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Welsh house price increase masks struggling market

Robyn Hall

January 23, 2013

The small gain reduced the annual change rate from -2.3% in October to -1.6% in November but year-on-year average prices were down £2,458.

Dr Peter Williams, housing market specialist and chairman of Acadametrics, said: “A steady fall from the level in the Spring has been stemmed.

“But just how much the market has struggled is shown by the fact that this month’s average price is barely more than that in December 2008 which was £151,966.”

Williams cautioned against premature jubilance over the a gain of this size which he said would fail to overtake the real falls in property values represented by a 3.0% rate of inflation.

Richard Sexton, director of e.surv, said: “If we peer beneath the positive headline figure we see house prices are £2,458 lower than they were this time last year and prices have fallen in 17 of the 22 local authority areas in Wales.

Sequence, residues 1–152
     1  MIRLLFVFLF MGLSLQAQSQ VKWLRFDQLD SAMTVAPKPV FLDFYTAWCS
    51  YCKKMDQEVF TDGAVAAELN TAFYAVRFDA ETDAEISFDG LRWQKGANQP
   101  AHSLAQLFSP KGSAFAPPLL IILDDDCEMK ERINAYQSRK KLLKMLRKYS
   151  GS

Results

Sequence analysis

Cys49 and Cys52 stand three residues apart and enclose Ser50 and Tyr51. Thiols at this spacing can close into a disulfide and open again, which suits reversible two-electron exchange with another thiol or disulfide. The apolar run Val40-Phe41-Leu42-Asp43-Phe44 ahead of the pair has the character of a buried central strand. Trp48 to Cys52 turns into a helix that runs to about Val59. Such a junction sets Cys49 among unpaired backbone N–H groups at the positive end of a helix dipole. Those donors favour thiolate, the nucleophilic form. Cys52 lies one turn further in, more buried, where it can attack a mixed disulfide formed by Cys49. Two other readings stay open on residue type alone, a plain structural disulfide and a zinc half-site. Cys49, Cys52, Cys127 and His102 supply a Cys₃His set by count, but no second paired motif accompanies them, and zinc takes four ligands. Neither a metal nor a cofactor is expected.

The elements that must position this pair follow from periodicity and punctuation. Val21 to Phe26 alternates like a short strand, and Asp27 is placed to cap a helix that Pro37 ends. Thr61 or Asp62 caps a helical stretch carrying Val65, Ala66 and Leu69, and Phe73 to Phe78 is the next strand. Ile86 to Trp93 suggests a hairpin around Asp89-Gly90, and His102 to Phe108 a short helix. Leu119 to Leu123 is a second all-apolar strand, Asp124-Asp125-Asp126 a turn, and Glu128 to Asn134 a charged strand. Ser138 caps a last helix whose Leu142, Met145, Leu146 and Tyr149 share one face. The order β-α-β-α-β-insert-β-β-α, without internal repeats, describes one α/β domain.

“First-time buyers face a tough task in putting together the deposit required to even get a toe near the property ladder.”

However Williams said growing confidence generated by the mortgage guarantee scheme announced by the Welsh government holds the promise of positive movements in the mortgage market.

The mortgage guarantee scheme, estimated to inject up to £500m into the market over a five year period, is part of the Wales Infrastructure Plan for Growth and Jobs.

Williams said: “Incorporating as it will a high loan to value lending regime, up to 95%, this may already have had an encouraging impact on potential first-time buyers. But will the increase in numbers in this group, 10% last month, be continued?”

Sexton said weak economic growth was limiting the amount lenders are willing to lend, particularly to lower income borrowers and first-time buyers who they perceive as higher risk.

He believes this is the reason there is a lack of mortgages for first-time buyers which is stifling sales higher up the housing chain.

But in Williams’ analysis of the data he said despite only slow growth expected for Wales in 2013, an increase of 143% in the value of commercial property deals in quarter three of 2012 compared with quarter 2 supported a more positive view of the outlook for growth.

He said the knock-on effects were likely to be increased employment and a potential “trickle-through” effect into the Welsh housing market.


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